Tuesday, June 29, 2010

Noticing Nietzche

Nietzsche is one of those names I've always heard thrown around school and discussions, always told myself I should be familiar with and yet never gotten around to getting to know. I've been reading Ravi Zacharias' The End of Reason and he makes some very interesting points about his philosophy that has me even more curious. They're summed up pretty well in the quote below.

". . . [Nietzsche] had the good manners to despise Christianity, in large part, for what it actually was--above all, for its devotion to an ethics of compassion--rather than allow himself the soothing, self-righteous fantasy that Christianity’s history had been nothing but an interminable pageant of violence, tyranny, and sexual neurosis. He may have hated many Christians for their hypocrisy, but he hated Christianity itself principally on account of its enfeebling solicitude for the weak, the outcast, the infirm, and the diseased; and, because he was conscious of the historical contingency of all cultural values, he never deluded himself that humanity could do away with Christian faith while simply retaining Christian morality in some diluted form, such as liberal social conscience or innate human sympathy."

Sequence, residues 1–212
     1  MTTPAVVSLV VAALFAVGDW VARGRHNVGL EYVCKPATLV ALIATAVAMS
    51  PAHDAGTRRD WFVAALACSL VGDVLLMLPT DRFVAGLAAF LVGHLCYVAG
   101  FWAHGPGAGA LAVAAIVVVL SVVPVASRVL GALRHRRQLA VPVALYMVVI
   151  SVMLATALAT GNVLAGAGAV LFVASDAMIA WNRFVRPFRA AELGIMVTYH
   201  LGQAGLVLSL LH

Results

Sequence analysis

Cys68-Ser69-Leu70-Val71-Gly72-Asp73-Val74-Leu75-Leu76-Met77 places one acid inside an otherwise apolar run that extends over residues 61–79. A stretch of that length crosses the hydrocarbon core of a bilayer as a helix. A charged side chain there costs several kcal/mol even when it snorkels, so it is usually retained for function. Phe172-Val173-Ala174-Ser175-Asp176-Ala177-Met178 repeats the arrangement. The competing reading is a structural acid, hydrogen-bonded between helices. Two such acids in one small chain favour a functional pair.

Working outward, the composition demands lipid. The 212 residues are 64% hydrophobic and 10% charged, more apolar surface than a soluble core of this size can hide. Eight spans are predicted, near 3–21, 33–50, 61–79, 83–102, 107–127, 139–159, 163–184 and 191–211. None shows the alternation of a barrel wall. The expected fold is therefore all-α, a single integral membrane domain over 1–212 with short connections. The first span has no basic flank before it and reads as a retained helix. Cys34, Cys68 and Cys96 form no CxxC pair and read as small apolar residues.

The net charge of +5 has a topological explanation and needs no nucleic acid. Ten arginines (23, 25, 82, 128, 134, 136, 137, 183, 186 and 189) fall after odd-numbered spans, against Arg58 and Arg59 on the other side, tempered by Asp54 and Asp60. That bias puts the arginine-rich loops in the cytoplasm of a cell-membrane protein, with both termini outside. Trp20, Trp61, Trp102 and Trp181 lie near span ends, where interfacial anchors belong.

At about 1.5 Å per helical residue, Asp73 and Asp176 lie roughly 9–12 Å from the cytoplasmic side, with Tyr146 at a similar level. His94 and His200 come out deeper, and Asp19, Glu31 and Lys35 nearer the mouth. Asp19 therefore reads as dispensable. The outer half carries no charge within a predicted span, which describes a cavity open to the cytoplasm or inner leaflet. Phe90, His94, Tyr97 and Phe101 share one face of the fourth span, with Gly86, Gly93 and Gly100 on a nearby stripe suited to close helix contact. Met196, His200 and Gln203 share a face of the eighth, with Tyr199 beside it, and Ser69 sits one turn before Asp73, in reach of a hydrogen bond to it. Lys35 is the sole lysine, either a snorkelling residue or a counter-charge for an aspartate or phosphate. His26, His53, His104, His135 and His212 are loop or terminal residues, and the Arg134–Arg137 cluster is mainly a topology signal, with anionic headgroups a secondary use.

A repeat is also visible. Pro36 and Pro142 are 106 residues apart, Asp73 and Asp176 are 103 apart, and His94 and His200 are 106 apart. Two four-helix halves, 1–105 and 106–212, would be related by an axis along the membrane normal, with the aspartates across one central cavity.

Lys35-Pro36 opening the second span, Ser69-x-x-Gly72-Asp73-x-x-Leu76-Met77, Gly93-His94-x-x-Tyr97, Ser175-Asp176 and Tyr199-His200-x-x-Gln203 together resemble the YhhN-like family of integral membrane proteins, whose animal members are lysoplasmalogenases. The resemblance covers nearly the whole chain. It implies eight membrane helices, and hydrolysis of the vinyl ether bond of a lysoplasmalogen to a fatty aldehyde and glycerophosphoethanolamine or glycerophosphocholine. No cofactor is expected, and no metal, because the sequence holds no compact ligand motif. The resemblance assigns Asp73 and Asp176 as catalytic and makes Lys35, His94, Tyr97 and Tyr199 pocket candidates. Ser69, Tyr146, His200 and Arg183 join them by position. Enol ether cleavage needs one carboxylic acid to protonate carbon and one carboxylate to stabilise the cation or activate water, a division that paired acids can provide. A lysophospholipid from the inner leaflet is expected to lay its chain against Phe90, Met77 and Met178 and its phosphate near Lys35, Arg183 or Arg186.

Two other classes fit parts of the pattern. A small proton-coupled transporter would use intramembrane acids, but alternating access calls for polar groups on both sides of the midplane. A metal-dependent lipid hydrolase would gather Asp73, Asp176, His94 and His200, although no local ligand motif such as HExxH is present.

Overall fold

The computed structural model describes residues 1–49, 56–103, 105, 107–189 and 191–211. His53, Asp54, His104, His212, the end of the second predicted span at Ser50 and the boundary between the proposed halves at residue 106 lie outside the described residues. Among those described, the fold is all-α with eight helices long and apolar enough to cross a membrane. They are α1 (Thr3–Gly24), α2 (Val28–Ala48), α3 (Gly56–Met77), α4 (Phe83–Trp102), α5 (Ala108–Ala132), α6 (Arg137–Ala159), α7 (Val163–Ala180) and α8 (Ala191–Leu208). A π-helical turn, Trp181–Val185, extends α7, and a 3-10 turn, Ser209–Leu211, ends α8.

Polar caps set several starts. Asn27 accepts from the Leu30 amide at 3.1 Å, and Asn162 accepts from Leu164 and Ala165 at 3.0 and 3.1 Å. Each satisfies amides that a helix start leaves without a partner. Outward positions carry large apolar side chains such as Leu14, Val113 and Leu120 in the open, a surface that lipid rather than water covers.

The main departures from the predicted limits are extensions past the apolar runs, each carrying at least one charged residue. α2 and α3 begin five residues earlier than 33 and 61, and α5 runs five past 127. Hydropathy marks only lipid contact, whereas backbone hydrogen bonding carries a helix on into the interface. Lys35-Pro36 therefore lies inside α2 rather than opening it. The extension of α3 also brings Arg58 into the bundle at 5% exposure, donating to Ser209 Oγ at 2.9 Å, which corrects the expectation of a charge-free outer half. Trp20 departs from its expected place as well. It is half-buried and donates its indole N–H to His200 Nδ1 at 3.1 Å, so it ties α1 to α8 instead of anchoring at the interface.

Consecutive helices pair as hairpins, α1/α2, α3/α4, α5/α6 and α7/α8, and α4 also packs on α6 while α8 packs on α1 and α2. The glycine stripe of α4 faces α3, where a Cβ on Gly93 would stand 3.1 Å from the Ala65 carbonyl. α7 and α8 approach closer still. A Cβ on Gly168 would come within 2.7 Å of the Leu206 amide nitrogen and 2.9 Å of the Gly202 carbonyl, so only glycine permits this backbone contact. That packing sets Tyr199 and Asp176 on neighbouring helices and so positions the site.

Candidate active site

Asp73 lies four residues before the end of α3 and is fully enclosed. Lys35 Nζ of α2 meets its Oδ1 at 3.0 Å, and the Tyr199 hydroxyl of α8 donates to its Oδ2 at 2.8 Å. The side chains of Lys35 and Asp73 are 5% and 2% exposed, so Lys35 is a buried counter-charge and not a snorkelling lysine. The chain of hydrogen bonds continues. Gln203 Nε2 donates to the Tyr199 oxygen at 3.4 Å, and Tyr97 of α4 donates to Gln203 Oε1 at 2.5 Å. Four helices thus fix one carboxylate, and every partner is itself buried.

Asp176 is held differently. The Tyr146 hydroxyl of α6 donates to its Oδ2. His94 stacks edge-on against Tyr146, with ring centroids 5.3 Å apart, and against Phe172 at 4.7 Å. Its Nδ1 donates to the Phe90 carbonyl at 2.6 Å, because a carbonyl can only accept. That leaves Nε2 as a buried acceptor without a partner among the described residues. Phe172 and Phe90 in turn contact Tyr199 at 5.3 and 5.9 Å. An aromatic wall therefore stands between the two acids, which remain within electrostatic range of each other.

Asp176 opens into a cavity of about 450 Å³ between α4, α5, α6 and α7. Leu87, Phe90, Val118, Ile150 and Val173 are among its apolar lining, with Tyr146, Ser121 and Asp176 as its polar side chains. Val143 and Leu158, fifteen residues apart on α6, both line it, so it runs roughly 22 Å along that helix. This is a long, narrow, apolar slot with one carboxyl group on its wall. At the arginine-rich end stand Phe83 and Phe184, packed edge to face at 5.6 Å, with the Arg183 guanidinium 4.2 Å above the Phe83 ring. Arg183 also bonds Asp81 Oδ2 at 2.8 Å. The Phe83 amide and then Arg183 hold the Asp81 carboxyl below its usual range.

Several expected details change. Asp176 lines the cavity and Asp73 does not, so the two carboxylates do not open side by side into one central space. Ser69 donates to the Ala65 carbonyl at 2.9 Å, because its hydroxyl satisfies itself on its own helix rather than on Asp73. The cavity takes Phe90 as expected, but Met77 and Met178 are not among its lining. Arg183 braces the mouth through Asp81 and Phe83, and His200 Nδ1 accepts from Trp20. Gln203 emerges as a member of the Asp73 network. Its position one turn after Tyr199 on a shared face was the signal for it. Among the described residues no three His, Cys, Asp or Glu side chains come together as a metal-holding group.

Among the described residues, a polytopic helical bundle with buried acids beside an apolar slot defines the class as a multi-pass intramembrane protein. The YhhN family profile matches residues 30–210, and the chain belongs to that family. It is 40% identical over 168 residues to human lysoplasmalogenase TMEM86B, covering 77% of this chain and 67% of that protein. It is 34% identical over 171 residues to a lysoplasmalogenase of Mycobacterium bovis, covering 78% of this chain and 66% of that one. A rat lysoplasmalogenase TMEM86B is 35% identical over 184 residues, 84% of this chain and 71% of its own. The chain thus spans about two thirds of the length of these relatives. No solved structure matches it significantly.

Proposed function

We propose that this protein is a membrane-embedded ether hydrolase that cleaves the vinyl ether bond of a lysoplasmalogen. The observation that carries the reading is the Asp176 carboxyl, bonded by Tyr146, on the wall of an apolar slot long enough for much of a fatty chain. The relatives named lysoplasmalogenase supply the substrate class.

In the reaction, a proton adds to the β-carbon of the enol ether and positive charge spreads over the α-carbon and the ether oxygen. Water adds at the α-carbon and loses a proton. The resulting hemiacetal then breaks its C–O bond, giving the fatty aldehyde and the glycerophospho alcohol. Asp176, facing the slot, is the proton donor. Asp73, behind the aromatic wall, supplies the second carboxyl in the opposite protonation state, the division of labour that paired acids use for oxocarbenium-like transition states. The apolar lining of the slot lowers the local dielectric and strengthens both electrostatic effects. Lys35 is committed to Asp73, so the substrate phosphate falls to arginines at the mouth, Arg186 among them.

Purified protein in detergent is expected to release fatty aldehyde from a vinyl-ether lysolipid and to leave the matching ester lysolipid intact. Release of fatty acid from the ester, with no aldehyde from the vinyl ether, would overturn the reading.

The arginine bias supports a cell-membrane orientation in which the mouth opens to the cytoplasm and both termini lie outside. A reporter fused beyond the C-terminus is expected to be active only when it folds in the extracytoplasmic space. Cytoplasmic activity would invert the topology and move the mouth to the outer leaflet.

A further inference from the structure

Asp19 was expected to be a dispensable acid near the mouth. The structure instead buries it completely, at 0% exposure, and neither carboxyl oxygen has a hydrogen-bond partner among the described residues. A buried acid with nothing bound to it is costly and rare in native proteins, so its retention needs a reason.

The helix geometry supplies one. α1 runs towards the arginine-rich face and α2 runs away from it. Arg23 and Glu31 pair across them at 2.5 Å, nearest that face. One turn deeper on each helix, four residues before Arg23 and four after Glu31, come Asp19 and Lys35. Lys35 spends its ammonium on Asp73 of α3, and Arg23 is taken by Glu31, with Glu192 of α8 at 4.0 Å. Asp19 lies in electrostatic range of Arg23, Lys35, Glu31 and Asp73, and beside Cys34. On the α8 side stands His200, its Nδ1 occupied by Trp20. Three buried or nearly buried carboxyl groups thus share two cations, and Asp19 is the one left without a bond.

David Bentley Hart (Atheist Delusions: The Christian Revolution and Its Fashionable Enemies)


  1. Thanks...I have had the same question. But you did the work for me. Sometimes I wonder how much we gain by studying people like Nietzsche..but good to know a bit about them.

  2. Douglas, I wonder the same thing. I definitely believe it's worth understanding philosophers like him, but I question how valuable deep study can be.